Manage your business
Close or sell your business
Create a detailed plan for transferring ownership when you sell or close it. Seek advice on any final decision you must make.
- Close your business
- Sell your business
- Transfer ownership
- File for bankruptcy (suspension of payments)
Close your business
Closing a business is a difficult decision to make. You should seek legal advice as well as advice from other professionals, such as accountants and business consultants, when making these decisions.
Follow these steps when closing a business:
- Decide to close (discontinue operations). A sole proprietorship can decide to discontinue operations on its own, but all other types of partnerships require the co-partners to agree.
- File dissolution documents. You must continue to pay taxes if you do not legally dissolve your business.
- Cancel all of your registrations, permits and licenses, as well as your business name. Protect your finances and reputation by canceling any of these that you will no longer use, such as your business name.
- Adhere to the labor laws and regulations.
- Take care of financial obligations, such as paying all taxes (BBO/BAZV, AWW/AOV, wage tax, income tax, profit tax, etc.).
- Retain your records and important documents, such as tax and employee information, for at least ten years.
Sell your business
You may decide to sell your company after careful consideration. A good plan can assist you in ensuring that you cover all of the essentials.
Before you start negotiating with potential buyers, decide on the value of your company. Consult a professional for this purpose (appraiser).
Determine the value of and the properties and real estate owned by your business. These could include your brand, intellectual property, client information and projected future earnings.
Consider the following common value methods when determining the worth of your company:
- Focus on your revenues. Assess the projected earnings and take into account any potential risks.
- Concentrate on the market. Compare your company to other similar businesses that have already been sold.
- Emphasize the assets. Subtract the total value of all your assets from the total value of your commercial obligations (liabilities).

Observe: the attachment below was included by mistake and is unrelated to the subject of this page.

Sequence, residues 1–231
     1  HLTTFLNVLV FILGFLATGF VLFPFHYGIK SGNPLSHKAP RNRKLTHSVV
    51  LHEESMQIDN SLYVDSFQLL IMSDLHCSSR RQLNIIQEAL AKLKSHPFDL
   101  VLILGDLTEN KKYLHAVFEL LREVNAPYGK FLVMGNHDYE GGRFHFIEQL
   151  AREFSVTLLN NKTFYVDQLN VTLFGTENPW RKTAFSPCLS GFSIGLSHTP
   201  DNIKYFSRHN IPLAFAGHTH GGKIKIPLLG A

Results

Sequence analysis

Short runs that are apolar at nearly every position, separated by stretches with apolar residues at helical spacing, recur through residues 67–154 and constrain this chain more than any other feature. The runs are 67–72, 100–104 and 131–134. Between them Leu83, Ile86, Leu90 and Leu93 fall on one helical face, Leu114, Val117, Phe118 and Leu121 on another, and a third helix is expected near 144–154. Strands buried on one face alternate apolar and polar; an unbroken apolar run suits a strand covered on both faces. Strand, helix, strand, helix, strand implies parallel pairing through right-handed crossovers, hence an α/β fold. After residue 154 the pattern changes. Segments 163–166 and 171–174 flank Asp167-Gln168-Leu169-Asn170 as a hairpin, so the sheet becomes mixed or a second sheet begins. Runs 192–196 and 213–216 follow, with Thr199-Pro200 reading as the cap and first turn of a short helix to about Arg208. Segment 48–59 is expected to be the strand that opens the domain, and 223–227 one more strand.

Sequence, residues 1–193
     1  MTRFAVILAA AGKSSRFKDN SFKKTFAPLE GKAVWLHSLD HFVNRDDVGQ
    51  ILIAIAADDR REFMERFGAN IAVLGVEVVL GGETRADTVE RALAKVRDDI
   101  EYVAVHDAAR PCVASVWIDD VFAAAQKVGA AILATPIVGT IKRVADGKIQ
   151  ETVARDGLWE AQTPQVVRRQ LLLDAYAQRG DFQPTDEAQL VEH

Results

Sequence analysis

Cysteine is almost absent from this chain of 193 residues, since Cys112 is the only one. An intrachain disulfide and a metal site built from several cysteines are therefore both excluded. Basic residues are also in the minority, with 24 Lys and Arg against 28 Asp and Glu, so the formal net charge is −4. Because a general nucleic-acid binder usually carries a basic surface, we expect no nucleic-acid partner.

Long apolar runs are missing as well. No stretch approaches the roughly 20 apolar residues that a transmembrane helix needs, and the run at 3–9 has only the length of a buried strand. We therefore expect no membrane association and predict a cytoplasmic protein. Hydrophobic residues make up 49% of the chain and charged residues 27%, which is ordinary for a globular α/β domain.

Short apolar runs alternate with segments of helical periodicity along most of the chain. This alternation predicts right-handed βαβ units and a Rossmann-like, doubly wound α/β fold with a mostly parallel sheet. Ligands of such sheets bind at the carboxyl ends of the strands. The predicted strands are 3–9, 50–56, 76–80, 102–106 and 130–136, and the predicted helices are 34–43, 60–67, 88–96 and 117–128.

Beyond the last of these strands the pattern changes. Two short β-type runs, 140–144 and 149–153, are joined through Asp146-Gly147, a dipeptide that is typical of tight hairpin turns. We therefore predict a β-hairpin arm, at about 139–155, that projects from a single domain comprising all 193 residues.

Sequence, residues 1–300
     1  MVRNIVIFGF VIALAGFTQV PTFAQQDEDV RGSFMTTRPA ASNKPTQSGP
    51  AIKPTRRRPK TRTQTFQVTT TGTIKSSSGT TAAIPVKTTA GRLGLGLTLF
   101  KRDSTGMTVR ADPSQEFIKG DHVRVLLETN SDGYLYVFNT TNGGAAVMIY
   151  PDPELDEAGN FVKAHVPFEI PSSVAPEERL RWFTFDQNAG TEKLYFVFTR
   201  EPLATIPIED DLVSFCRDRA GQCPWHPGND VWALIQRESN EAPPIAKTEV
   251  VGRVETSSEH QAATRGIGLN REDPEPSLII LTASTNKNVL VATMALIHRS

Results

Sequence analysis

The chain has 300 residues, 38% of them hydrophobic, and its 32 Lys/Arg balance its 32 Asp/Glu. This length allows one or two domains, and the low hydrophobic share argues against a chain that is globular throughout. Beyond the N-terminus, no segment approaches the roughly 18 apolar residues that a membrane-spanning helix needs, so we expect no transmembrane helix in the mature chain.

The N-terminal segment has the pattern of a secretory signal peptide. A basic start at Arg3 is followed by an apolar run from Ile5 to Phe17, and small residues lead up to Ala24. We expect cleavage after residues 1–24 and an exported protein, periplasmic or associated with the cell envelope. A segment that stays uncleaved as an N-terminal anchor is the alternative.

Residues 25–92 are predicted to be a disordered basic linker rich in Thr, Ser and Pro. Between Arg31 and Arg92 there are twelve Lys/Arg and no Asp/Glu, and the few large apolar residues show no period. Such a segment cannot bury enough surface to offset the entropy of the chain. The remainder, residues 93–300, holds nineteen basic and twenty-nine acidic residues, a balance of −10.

Prepare a sales agreement
To sell your business legally, prepare a sales agreement. This document enables you to sell your assets, such as company shares. It is advisable to have a lawyer assess whether the sales agreement is accurate and complete.
Make a list of everything you sell, including the names of the salesperson, buyer and company. Include background information. Determine how the business will be run before it is closed, as well as the information to be provided to the buyer. All adjustments, the broker’s rate and other relevant details should be laid down in a written agreement.
Make sure you do not forget any assets or liabilities, as this can cause problems even after the sale is completed.
A lot of small business owners will have to transfer ownership to another person or entity at some point. This can be accomplished in a variety of ways.
|Immediate sale||Sara owns a failing shoe store and decides to sell it to raise funds.||Sara has transferred ownership of the store and has received her money immediately by selling it.|
|Gradual sale||Johnny runs a market, but he has decided to stop selling there. Johnny is satisfied because he found renters to provide him with a source of income.||This option is advantageous for someone who is unable to easily sell his business but can finance a long-term debt. A gradual sale is a versatile option for transferring a business.|
|Lease||Johnny owns a car rental company and has decided to study in the Netherlands for two years. He has decided to rent out (lease) his property to his cousin for two years and to transfer ownership to him.||By transferring ownership via a rental (lease) system, he will be able to write down all of his conditions in a contract and receive payment during his absence.|
File for bankruptcy (suspension of payments)
Debt collectors are the ones who file for the bankruptcy of a legal entity or natural person, but the same legal entity or natural person can also file for bankruptcy itself/himself. This can happen if a debtor is unable to pay his or her debt collectors.
It is necessary to have a support promotion to be declared bankrupt and have this granted.
This is a payment incentive offered by other debt collectors to a debtor who has been declared bankrupt.
The debtor loses ownership of the assets the moment the judge declares bankruptcy. The judge who declares bankruptcy will appoint a bankruptcy trustee to oversee the case, and who will take the debt collector’s interests into account as much as possible. The bankruptcy trustee then becomes the judge and will be responsible to the judge until the bankruptcy is completed.
A company can also ask for a suspension of payments. This means that you will be able to flatten your payment and get your company out of debt.
For a suspension of payments, the company must be experiencing temporary financial difficulties that can be resolved quickly. During a suspension of payments, an administrator will be appointed who, together with the debtor, will decide on the management of the company. When it comes to making important decisions, the debtor will need the support of the administrator.